According to my book (Hsu: ODE), a solution $\phi(t)$ to the system $x' = f(x)$ that is bounded for all $t \geq 0$ satisfies one of:

1) $\omega(\phi)$ contains an equilibrium, or

2) either $\phi(t)$ is periodic or $\omega(\phi)$ is a periodic orbit.

My question is: what is the difference between the solution being periodic and the limit set $\omega(\phi)$ being a periodic orbit?

  • $\begingroup$ To me seems consistent. As a limit cycle has a periodic solution (once it attains the limit cycle) and the set of points in the phase space maps a closed orbit. (At least from my physicists point of view). $\endgroup$ – Chinny84 Jul 29 '15 at 10:48
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    $\begingroup$ A solution spiralling in towards a limit cycle is an example of a non-periodic solution whose omega-limit set (i.e., the limit cycle) is a periodic solution. $\endgroup$ – Hans Lundmark Jul 29 '15 at 13:46
  • $\begingroup$ Imagine solutions in polar coordinates $(r(t),\theta(t))$ with $\theta(t)=t$ and $r(t)=1-(1-r_0)e^{-t}$, then, for $r_0\ne1$, the solution never meets the unit circle, is not periodic, and has the unit circle as limit set, and the limit set $r=1$ is indeed a periodic orbit. $\endgroup$ – Did Jul 29 '15 at 13:49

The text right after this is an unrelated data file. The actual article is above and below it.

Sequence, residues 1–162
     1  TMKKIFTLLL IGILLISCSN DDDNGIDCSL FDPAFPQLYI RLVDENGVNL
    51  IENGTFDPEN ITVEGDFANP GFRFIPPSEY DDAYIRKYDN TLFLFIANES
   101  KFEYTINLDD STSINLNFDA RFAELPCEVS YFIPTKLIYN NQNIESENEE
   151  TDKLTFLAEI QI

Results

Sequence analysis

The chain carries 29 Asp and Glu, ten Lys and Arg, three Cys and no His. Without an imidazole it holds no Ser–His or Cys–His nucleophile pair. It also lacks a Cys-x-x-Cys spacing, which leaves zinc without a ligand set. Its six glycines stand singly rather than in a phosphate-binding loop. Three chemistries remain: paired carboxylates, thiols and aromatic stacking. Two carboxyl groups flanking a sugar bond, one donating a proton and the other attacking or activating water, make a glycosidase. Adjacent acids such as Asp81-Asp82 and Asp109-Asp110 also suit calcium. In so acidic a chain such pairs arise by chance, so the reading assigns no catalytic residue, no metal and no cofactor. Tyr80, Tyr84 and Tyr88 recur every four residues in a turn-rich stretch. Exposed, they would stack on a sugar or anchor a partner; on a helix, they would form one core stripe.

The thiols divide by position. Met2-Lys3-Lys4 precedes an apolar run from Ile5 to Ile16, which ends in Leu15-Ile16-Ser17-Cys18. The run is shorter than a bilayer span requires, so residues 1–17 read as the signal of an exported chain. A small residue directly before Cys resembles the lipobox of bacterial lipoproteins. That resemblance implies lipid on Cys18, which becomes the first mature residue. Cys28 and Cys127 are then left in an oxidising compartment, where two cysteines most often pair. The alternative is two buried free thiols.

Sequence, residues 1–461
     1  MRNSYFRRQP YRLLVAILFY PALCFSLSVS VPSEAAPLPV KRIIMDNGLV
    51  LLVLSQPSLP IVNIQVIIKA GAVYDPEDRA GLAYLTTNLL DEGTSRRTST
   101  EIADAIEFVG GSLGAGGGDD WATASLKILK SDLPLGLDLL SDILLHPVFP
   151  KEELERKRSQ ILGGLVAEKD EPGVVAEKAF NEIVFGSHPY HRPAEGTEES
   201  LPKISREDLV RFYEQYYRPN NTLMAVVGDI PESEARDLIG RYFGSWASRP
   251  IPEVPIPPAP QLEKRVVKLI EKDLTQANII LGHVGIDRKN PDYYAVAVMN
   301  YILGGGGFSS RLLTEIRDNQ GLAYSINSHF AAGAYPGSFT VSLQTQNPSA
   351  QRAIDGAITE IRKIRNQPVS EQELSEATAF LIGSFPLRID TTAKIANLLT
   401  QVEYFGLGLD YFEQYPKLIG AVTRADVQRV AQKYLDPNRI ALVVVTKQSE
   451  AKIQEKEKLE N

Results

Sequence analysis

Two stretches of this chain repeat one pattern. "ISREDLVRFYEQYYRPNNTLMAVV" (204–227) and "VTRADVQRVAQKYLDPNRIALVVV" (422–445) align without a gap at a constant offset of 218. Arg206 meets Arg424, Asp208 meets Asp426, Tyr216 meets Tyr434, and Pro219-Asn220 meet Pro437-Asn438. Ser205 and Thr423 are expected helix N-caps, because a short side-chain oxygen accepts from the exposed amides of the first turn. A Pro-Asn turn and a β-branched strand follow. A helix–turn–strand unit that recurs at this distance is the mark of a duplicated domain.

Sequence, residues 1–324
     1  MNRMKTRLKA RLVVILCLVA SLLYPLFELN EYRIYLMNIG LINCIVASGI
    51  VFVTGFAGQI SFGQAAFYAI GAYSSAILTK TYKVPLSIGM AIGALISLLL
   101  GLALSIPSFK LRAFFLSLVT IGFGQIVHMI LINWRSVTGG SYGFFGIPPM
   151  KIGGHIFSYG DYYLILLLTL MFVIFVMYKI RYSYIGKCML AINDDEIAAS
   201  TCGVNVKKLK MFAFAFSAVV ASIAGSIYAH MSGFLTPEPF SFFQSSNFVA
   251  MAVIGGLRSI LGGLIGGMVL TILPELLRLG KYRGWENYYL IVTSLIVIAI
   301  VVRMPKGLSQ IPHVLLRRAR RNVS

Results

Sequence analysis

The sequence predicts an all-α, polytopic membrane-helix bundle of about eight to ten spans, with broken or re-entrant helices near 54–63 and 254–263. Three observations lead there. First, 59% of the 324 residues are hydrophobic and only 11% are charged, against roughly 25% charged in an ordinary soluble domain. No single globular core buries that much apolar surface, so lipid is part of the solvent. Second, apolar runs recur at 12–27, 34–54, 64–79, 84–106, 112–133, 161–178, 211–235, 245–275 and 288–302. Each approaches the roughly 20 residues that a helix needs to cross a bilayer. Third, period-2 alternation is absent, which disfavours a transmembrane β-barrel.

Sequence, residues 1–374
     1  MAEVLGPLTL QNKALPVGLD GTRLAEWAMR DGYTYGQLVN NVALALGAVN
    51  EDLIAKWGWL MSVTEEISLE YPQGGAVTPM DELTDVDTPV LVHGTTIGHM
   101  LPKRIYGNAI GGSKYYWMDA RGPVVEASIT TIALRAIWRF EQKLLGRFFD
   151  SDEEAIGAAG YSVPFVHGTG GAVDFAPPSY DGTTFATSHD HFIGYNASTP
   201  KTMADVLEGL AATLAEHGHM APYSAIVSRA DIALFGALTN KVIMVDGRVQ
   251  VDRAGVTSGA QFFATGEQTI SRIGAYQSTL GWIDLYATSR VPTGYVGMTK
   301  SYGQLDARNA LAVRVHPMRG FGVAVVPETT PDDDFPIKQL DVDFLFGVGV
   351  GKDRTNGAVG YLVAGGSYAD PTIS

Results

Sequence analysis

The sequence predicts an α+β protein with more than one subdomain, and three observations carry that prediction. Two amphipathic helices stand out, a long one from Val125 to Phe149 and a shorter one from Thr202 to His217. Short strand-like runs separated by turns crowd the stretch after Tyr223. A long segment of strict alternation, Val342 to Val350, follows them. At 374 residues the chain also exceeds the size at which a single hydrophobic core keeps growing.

• $\begingroup$ Oh so an example of a limit set as a periodic orbit is basically a function who tends to a periodic function in the limit? $\endgroup$ – Benjamin Lindqvist Jul 29 '15 at 17:46

As explained in comments, a non-periodic solution whose limit set is a periodic orbit is something spiraling toward a periodic orbit (either from the inside or from outside). An example of such a system is $$\begin{split} x' &= x\cos(x^2+y^2) - y \\ y' &= y\cos(x^2+y^2)+x\end{split}$$ The plot below (courtesy of Wolfram Alpha) shows two periodic orbits, one of which is attracting (and is the limit set for many non-periodic solutions) and the other one is repelling.

enter image description here

This system has infinitely many periodic orbits which are concentric circles, alternating between attracting and repelling.


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